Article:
HAVANA – The Cuban legislature approved on Thursday the latest version of the reforms being pushed by the Raul Castro government recognizing private firms within the island’s new socialist model, although state management will still dominate and the accumulation of wealth and/or property will not be permitted.
“These basic elements ... reaffirm the socialist character of the Cuban Revolution and the role of the Communist Party as the overriding directing force for society and the state,” said Castro in remarks closing the extraordinary session of the National Assembly.
The more than 500 lawmakers unanimously backed the new reforms to “update” the Cuban economic model and consolidated Castro’s economic legacy with the opening of the private sector and foreign investment as its fundamental pillars nine months before he leaves office at age 86.
According to Castro, the economic guidelines allow “changing all that must be changed,” wording included in the “Concept of the Revolution” coined by the late Fidel Castro in a 2000 speech.
“We will do so at the speed that allows us the consensus we can forge within our society and the capability to demonstrate how to do things well to avoid serious errors that could compromise the successful fulfillment of this gigantic and honorable task,” said Fidel’s younger brother.
The National Assembly gave the green light to the guiding documents approved at the 7th Communist Party Congress in April 2016, namely the economic development plan through 2030, the new 2016-2021 economic policy guidelines and the “conceptualization” of the new economic and social model.
After several years of discussion and delays, finally the new socialist model has been prepared, recognizing the legal status of small private companies but specifying their “complementary role” in the economy, where state management must prevail.
In opening up space for the private sector, the economic reforms launched in 2010 by Raul Castro – and revised at the 7th party congress – authorized autonomous work to Cuban-born citizens along with the creation of non-agricultural cooperatives.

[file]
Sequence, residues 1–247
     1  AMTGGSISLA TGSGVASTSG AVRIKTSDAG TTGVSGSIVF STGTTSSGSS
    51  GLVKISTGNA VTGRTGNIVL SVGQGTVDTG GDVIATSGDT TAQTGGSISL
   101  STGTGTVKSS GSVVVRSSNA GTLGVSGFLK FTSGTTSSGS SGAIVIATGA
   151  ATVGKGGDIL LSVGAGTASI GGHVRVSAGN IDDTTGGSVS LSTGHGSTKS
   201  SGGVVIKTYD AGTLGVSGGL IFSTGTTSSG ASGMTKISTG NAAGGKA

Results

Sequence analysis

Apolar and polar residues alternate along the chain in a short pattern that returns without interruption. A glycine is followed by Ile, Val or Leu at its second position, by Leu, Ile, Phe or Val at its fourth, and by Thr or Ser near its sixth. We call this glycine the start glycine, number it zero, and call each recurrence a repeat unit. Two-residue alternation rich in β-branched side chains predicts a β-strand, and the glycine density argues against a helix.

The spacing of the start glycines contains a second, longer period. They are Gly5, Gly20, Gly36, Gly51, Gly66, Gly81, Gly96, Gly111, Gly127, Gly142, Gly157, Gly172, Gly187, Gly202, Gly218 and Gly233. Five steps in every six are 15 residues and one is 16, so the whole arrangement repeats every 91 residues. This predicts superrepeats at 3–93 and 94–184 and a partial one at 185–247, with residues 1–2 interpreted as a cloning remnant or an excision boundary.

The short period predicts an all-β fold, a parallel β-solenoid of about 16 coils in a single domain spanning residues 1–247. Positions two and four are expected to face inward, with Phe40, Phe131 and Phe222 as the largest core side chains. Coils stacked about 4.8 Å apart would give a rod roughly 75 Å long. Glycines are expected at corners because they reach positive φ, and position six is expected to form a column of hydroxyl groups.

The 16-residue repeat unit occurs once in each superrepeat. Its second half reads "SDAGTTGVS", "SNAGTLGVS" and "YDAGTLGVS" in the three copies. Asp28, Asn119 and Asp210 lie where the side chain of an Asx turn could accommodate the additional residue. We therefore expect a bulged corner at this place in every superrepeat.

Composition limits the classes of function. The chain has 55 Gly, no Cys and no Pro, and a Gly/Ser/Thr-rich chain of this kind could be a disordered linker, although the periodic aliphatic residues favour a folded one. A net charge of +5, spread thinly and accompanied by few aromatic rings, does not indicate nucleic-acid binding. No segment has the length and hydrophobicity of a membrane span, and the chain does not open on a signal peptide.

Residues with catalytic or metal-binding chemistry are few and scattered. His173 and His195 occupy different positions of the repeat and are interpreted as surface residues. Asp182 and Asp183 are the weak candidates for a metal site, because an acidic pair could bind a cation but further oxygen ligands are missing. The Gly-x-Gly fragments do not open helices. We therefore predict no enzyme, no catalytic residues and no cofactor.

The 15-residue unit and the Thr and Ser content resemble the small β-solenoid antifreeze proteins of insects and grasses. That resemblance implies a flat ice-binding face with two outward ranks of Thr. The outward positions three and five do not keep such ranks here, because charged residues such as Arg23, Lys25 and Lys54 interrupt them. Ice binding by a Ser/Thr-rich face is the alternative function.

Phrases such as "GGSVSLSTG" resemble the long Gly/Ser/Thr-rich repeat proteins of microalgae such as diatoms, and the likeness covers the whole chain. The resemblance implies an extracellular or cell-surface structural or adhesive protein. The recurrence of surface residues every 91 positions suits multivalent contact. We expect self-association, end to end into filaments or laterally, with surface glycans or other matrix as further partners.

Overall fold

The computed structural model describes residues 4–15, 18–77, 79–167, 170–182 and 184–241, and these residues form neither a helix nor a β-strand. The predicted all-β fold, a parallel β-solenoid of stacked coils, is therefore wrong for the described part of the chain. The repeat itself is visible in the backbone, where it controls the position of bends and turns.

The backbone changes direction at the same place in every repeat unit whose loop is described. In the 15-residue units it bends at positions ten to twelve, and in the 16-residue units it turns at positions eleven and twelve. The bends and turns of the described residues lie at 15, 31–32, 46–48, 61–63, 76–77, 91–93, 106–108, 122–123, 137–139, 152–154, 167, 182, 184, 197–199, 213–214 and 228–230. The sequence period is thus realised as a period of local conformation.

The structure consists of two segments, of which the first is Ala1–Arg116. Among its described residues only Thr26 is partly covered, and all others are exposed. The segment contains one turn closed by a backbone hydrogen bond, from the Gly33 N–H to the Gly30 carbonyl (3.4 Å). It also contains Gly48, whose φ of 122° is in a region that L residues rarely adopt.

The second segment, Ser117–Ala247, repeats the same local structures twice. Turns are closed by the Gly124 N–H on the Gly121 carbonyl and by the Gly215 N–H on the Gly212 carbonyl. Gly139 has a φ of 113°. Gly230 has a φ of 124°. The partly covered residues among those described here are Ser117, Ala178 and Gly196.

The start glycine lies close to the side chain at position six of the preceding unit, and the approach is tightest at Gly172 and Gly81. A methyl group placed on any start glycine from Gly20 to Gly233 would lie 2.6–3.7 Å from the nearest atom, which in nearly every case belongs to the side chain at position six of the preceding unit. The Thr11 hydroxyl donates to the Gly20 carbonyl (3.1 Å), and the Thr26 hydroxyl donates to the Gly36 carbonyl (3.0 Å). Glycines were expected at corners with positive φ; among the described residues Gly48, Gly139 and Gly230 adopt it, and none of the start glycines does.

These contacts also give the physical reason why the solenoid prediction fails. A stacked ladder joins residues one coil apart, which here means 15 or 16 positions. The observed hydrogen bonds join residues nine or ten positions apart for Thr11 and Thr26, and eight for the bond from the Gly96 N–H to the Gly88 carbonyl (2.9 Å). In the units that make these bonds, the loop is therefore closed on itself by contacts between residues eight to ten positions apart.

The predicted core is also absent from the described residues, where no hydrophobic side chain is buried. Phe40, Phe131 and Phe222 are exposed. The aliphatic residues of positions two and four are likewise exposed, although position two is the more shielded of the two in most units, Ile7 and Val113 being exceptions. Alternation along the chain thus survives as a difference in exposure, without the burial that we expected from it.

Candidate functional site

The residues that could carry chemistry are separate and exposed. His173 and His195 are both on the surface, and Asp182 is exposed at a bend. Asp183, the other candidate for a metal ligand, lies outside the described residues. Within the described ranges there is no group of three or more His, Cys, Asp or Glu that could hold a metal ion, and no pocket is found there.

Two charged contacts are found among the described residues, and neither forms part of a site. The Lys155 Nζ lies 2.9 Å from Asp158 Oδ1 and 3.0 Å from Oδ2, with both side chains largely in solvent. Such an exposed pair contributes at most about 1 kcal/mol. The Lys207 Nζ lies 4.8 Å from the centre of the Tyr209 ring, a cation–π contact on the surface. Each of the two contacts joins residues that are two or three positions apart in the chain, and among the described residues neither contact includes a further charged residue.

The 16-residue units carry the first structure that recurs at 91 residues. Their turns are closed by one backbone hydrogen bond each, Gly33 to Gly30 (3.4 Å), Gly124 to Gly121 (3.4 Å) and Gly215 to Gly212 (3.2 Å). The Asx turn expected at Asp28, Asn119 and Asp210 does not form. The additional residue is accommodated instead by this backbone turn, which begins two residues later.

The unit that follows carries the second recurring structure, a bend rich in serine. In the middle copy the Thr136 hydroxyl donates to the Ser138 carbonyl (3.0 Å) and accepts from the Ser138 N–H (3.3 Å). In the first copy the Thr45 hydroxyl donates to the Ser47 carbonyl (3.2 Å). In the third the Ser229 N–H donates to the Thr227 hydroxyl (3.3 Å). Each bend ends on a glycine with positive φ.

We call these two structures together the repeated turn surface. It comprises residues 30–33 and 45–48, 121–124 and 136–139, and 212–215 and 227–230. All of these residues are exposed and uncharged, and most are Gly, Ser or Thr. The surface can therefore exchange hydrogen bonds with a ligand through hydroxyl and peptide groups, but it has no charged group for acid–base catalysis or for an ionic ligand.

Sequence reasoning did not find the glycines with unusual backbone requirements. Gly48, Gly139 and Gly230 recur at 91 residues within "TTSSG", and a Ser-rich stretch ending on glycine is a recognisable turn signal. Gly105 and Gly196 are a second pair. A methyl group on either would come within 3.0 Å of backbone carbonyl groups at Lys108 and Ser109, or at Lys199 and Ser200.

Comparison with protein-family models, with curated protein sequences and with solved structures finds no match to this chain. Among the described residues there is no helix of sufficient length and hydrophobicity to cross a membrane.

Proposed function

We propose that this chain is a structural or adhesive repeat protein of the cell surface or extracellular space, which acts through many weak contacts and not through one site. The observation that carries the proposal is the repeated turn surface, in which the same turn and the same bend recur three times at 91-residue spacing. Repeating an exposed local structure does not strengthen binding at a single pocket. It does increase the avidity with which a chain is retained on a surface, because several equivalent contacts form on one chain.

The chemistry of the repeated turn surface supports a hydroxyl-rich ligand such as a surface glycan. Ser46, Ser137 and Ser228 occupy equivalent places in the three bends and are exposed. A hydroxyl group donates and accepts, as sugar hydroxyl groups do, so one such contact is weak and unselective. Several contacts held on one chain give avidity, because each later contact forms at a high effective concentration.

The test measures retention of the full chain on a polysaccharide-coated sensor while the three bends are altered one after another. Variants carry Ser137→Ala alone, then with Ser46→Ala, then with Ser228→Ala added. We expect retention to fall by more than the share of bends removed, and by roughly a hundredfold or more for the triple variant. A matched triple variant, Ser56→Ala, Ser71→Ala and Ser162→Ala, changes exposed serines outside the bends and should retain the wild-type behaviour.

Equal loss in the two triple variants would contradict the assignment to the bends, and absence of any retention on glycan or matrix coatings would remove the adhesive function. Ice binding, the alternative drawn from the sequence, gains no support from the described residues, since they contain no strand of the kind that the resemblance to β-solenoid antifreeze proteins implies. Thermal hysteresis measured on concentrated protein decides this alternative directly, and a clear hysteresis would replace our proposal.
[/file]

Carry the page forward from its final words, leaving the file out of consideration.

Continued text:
The new laws, approved in 2011, allowed people working for their “own account” – who number more than 500,000 – to hire workers, which in practice led to the proliferation of medium, small and micro private companies, although they operated for years without the required legal status.
Vice President Marino Murillo – known as the “reform czar” and who served as economy minister from 2014-2016 – said on Wednesday that although forms of private management were being legalized, this did not mean that the concentration of wealth and property would be allowed, a message that Castro reiterated on Thursday.
The reforms have given a dynamic push to the island’s rigid centralized economy, where in recent years small businesses such as restaurants, beauty salons and assorted other companies have proliferated and certain sectors have been opened to foreign capital.
Those changes, however, did not prevent the island from sliding into recession for the first time in 23 years in 2016, experiencing negative growth of -0.9 percent primarily due to the Venezuelan crisis, which has reduced the supply of crude oil sent by Caracas to Havana by some 40 percent and severely hurt the Cuban economy.